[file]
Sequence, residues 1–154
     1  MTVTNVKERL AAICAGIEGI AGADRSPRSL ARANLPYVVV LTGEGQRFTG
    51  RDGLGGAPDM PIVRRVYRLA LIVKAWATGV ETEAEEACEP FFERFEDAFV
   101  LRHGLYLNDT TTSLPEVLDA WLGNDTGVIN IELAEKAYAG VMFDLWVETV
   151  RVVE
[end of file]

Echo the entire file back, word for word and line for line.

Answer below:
Sequence, residues 1–154
     1  MTVTNVKERL AAICAGIEGI AGADRSPRSL ARANLPYVVV LTGEGQRFTG
    51  RDGLGGAPDM PIVRRVYRLA LIVKAWATGV ETEAEEACEP FFERFEDAFV
   101  LRHGLYLNDT TTSLPEVLDA WLGNDTGVIN IELAEKAYAG VMFDLWVETV
   151  RVVE